I can only speak with reference to calling at NEFFA, as I have never applied to DownEast. As some of you may know that Linda Leslie is NEFFA's program chair, I will note that the program chair does not select performers for contra sessions.
Regarding NEFFA 2007, the following notice is now posted at http://neffa.org/perf_app.html - The Program Committee is not prepared to take your application at this time, since it is too late to apply for this year's NEFFA Festival. Please note that the application to perform is always available during the month of September, with a deadline in October. If you'd like to get an e-mail notice of application availability, send a blank e-mail to NEFFA_Performers-subscribe(a)yahoogroups.com
So you can note on your calendar that September is a good time to check the NEFFA web site, and also arrange for a notice to pop up in your e-mail.
The NEFFA application invites you to come up with a briefly-described theme for your session, with a title of 20 characters or less. IMO, use your own judgment as to how important the theme is. If you are offering a concept that's really meaningful to you, don't be afraid to describe it. If what you really want to do is just call some hot contras, then IMO I wouldn't go overboard on the theme.
Unlike Northwest Folklife, callers and bands apply SEPARATELY to the New England Folk Festival. And I believe that this is a very good thing for beginning callers who hope to have a chance at getting onstage. This mix-and-match policy gives a fresh perspective for experienced performers, and can be an eye-opening experience for newcomers who may get to work with seasoned veterans. I will never forget calling at NEFFA with Northern Spy, a band that has worked with caller David Millstone for 25 years. And where was David during this session? Out on the floor, happily dancing to the music of his own band. NEFFA's selection process made that wonderful hour possible for me.
For what it's worth, the first year I successfully applied I asked for a "Festival Orchestra" slot, which means that instead of calling a themed, hour-long session I called two dances in the Main Hall with the assembled orchestra and then got off the stage as the next Festival Orchestra caller had a turn. IMO, the key here (as well as in submitting a session proposal) is to choose dances that you know by heart, can teach well, fully believe in, and love to share with a crowd. You don't want to have second thoughts as you approach the microphone.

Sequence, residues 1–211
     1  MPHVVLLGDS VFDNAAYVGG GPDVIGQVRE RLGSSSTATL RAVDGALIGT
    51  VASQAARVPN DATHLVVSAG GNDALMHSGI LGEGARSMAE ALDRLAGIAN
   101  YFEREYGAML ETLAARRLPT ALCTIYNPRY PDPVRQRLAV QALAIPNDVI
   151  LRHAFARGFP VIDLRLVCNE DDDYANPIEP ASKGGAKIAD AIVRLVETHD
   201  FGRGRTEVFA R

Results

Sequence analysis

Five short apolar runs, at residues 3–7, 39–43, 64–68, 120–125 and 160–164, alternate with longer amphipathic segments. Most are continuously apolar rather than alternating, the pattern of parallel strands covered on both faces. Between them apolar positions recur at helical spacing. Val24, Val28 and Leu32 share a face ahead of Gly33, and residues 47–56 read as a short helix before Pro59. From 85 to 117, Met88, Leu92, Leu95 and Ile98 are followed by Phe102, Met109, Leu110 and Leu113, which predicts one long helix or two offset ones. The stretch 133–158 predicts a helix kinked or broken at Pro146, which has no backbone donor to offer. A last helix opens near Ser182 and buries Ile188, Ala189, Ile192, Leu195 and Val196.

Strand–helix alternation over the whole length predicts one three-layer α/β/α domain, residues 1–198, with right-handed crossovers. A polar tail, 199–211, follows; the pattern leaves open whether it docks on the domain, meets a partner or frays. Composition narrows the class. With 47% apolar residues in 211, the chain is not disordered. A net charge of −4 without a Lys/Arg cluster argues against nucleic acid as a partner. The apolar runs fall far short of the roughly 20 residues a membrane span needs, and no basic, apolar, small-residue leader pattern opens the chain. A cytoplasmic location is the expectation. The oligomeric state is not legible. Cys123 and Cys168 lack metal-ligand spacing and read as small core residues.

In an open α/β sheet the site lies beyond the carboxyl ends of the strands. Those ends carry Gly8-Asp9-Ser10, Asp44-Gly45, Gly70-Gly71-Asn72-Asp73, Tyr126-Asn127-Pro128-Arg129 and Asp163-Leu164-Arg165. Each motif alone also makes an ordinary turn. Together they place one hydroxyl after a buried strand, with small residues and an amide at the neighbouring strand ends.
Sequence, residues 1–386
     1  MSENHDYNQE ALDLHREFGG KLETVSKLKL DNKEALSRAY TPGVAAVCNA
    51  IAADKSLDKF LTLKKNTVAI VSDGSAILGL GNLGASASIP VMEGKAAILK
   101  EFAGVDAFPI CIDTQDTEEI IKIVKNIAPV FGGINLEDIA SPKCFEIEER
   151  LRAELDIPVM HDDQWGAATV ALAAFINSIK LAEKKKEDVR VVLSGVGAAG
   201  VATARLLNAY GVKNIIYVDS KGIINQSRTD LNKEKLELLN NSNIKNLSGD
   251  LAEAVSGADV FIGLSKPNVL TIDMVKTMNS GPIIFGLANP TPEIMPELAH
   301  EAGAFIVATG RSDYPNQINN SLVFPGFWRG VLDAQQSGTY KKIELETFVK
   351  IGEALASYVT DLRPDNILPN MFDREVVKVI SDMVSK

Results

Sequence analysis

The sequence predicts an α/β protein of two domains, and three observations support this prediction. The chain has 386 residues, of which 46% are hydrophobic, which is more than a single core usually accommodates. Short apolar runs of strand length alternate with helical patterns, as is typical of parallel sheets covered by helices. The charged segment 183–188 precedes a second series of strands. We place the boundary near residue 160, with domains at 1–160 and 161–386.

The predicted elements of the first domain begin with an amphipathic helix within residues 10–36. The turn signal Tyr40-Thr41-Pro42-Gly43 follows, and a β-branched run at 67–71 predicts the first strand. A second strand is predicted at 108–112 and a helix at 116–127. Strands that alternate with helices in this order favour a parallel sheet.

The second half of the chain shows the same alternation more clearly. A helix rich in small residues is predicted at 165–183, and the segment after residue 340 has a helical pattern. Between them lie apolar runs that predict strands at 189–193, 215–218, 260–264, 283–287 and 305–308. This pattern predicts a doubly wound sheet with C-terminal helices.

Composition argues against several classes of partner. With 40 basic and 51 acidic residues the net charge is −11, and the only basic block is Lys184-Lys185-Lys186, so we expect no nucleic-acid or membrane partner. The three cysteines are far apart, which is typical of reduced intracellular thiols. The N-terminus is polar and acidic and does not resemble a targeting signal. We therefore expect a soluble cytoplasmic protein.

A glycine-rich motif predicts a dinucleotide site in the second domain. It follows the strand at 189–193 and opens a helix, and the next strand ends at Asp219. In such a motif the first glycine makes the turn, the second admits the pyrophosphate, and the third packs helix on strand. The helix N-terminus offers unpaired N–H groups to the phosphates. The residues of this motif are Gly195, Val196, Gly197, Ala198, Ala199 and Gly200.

If you're wondering why performer applications are required so far in advance of a festival, note that NEFFA may have 1700 performers, many of whom perform in multiple sessions (perhaps performing alone, and with a participatory dance group, and also with a concert performance group!). You can't doublebook a performer (or larger groups to which she may belong), you have to give her time to move from one venue to another, plus a bunch of other scheduling etceteras that would drive me loony to contemplate further. How scheduling was done in the days before computers is beyond me.
Robert Jon Golder
164 Maxfield St
New Bedford, MA 02740
I try and call the dances of Rich Blazej whenever I can and this one's a
Halloween favorite, re-done as "Werewolves and Zombies".
*Garfield's Escape* -- circle of couples PLUS ONE EXTRA in the center
A1 All into the center EIGHT steps and back, menacing the Garfield
A2 Circle left, circle right
B1 Women (werewolves) promenade single file to the right, while men
(zombies) "star" by the right -- each man puts his right hand on right
shoulder of the man in front - including Garfield.
B2 Caller hollers "Escape!" ("Boo!", or maybe "Braaaiiins") and all men
run to the outside and swing with a woman in the outer circle. A new
Garfield remains in the center.
Rich himself named this after Garfield the comic-strip cat, way back when
he was cynical and funny (the cat, not Rich).
"The single man remaining at the end of the dance is entitled to a pan of
lasagna and some fresh kitty litter".
My favorite normal tune for this is the minor jig Coleraine, played at a
slightly slower lurch-y tempo, but if I'm lucky the band'll do the Alfred
Have fun, just thought I'd share -- and I'd love to hear how it goes if you
do it, and what variations emerge.
Sure they're all fun (we hope). I'm looking for a few dances that are particularly playful, quirky, silly....something that typically gets the dancers laughing.
Some examples would be "Over the Hill and Still Chased" with the lady round two/gent cut through figure, or Beneficial Tradition when the dancers throw their free arm up and shout "Wooo!"
You get the idea. What are your favorites?
This group has been so quiet lately. The group has been so important for
me as I developed my Contra calling repertoire and skills, so I thought I'd
initiate a conversation.
As I sit here programming a dance I realize that I do not have many dances